Category Archives: USA

All 50 States, even the ones without snow.

Standardized Tests for Politicians and Candidates

Recently, I read Peter Berger’s op-ed in VTDigger.org, “Poor Elijah’s Almanack: A collection of symptoms”.  One of his points was about how our polarized way of discussing various aspects of education (testing, curriculum, approaches and methods) make it difficult for teachers to do their job.  He gives examples from the “War on/about Math”, “War on/about Literacy”, and other “Wars on __________”.  Here is his concluding paragraph:

As long as schools are ruled by two fanatical, bankrupt extremes, no matter what the issue and no matter which side’s experts are advancing at the moment, students, teachers, and learning will be suffering in the middle.

Thanks Mr. Berger for another thought-provoking column.  Here are some of my thoughts and reactions:

As a backdrop to these polarizing “Wars on This or That” (Math, Language, Curriculum and Teachers, etc.), we live in a Digital World of either zero (0) or one (1).  With base-2 whole numbers, there is no middle or “fractional” ground.  Likewise our entrenched two-party system makes it difficult for independent or third party candidates to have a decent chance of winning.  Our media also continues this trap of “This Or That”, “A Versus B”, Republicans or Democrats, Conservatives versus Liberals.  If anyone outside our binary digit political system runs for office, well good luck with that.

It seems that the competitive and collective American Brain has a hard time dealing with “AND”, as it may cause cognizant dissonance, and won’t easily sell news, help ratings, or get R/D candidates elected.

Why can’t we take the best ideas from both political parties and fashion more workable legislation?

Why can’t we simultaneously apply the best parts of Math Basics and Problem Solving in the classroom?  I don’t necessarily mean multi-tasking during the same class period, but throughout a school year, use both approaches to complement each other.

The same thing goes for literacy.  Why not apply the best of both worlds, Phonics AND Whole Language, so that students get a more well-rounded education in reading and writing?

You could ask the same thing about “Learning Facts AND “Critical Thinking”.  You need to be able to know or do both.

When I learned to play music and guitar, I learned the “basics” of reading music, and later writing out standard music notation.  But I also later learned how to apply dynamics and effects, to give more meaning and emotion to playing.  Musicians need to know both the “basic literacy” and “whole language” of music.

It seems that our “War on Whatever” culture has produced professional advocates such that there are cottage industries that have grown up on either side of a given issue or “war”.  People make money and lucrative careers by taking sides, and can become “experts” in their fields, write books and appear on radio or TV espousing their beliefs.  The polarization continues on because it makes money for those who start or wage these Wars on (fill in the blank).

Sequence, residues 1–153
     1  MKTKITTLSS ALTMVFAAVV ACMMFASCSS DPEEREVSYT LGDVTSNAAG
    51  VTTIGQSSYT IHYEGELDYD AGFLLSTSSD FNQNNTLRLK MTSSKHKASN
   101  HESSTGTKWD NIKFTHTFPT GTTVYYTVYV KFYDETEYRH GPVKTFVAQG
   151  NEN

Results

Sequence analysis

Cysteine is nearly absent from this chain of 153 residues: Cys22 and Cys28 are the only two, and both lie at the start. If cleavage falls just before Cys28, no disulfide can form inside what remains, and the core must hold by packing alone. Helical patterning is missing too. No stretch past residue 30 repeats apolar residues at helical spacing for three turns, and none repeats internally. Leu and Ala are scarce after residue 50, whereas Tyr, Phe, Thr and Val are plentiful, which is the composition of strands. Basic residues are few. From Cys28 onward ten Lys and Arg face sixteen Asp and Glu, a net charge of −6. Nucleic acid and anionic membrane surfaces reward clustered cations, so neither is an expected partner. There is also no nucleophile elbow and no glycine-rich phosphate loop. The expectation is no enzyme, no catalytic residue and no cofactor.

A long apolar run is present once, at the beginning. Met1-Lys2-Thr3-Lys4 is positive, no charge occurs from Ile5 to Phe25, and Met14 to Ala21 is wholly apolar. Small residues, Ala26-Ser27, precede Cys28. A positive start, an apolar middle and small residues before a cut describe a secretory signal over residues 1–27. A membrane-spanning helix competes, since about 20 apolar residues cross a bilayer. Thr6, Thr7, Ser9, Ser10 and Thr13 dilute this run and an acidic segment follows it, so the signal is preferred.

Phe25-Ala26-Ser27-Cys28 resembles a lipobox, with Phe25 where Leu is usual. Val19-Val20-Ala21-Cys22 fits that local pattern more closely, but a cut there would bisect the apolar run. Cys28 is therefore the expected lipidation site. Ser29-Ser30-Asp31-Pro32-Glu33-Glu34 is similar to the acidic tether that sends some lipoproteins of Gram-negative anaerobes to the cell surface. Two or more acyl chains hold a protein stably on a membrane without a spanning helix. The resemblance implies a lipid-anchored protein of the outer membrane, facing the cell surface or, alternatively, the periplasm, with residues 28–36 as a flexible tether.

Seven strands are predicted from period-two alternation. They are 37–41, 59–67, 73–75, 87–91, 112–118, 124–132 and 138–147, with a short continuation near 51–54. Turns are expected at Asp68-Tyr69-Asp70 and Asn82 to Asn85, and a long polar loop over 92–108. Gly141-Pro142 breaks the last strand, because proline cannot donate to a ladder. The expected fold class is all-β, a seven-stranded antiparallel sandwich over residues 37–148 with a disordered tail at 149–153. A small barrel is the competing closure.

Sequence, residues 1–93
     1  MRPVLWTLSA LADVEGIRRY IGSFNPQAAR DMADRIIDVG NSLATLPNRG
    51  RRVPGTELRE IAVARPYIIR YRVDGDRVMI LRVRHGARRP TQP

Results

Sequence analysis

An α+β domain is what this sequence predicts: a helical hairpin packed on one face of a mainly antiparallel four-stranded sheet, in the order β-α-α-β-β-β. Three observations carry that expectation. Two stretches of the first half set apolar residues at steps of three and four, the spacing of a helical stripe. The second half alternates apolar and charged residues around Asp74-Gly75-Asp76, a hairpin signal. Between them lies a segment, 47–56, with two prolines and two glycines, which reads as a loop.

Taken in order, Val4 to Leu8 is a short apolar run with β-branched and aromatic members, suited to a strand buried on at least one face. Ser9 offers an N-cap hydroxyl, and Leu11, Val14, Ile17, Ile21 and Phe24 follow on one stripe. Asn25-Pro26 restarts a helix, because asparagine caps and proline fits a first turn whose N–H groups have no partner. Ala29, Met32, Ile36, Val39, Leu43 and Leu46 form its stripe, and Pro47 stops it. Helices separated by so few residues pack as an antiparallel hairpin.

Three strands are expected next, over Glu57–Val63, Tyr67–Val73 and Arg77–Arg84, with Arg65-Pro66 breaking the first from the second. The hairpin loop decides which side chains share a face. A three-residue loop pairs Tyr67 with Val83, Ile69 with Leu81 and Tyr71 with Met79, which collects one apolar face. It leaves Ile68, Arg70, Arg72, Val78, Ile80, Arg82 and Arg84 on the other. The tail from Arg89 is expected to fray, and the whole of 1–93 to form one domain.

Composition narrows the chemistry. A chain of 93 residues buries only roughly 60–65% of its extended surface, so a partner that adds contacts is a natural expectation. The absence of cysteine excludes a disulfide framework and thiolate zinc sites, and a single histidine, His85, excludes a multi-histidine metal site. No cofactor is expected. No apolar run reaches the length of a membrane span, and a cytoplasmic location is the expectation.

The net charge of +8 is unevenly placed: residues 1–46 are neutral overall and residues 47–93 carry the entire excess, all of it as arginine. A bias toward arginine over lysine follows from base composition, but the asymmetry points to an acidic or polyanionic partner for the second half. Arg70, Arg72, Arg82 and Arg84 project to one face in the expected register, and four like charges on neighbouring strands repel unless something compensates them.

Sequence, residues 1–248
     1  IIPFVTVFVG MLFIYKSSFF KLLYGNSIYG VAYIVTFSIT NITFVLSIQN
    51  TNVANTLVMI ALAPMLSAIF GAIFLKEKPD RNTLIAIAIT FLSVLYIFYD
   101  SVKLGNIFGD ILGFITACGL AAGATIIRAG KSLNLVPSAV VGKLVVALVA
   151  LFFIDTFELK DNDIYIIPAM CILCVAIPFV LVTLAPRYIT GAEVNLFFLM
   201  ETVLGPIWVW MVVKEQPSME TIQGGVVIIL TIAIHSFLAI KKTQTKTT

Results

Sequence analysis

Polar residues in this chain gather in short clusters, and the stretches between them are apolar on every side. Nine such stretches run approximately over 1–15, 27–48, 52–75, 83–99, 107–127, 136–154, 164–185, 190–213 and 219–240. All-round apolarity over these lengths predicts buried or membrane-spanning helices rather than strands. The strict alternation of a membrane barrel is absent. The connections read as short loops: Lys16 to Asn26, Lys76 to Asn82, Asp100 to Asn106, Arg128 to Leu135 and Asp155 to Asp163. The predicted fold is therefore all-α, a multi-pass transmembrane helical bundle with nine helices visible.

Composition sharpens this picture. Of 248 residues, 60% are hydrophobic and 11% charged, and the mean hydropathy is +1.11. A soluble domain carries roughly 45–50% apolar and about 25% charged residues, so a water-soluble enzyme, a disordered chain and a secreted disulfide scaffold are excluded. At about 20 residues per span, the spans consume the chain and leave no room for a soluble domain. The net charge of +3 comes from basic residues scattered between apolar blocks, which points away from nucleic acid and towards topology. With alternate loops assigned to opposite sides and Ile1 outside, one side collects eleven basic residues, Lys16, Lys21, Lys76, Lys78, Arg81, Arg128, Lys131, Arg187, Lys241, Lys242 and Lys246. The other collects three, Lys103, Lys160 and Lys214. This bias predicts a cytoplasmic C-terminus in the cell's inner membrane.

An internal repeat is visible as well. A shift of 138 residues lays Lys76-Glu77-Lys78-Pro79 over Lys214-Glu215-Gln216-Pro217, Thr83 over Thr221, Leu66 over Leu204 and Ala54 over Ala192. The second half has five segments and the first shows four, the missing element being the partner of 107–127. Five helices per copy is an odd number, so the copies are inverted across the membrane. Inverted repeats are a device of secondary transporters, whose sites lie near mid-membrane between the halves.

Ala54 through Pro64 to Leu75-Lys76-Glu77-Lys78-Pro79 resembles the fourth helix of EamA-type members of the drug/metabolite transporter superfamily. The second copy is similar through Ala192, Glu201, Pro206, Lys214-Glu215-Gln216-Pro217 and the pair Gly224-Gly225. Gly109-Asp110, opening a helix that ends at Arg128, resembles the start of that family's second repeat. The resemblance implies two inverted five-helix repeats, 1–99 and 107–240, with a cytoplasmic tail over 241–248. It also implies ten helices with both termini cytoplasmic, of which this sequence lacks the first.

Meanwhile, teachers who are actually in the classroom must navigate through the crossfire of these “Wars about Education” to teach their students.

Since teachers must take Praxis exams, and are continually evaluated as to whether “highly effective” or not, and students must take “standardized tests”, I offer another benchmark for evaluating politicians or candidates.  We are in yet another even-numbered year, and November is approaching.

Politicians could stop spending money on negative campaign ads, and spouting off tired ideological talking points.  Instead, those seeking election or re-election should provide voters with:

1. Their High School GPA
2. Their High School Transcript
3. Their ACT and SAT test scores
4. Their College GPA
5. Their College Transcript
6. Their GRE grade for graduate school (or other standard testing)
7. Essay question: Why you are highly qualified to be our Representative, State Senator, Governor, etc.

How about it Democrats and Republicans running for public office?  Especially those of you who are critical of public schools and public school teachers!

Detroit’s Slow-Motion Crash, America’s Race Against Time

When I heard the news Friday, July 19, that the City of Detroit is declaring bankruptcy, I was saddened, but not at all surprised.  Detroit has been under the jurisdiction of Emergency Manager Kevyn Orr, appointed by Republican Governor Rick Snyder, for four months.  Elected Mayor Dave Bing (and former Pistons basketball player), is effectively out of power, but he has been cooperating with Kevyn Orr during this transition.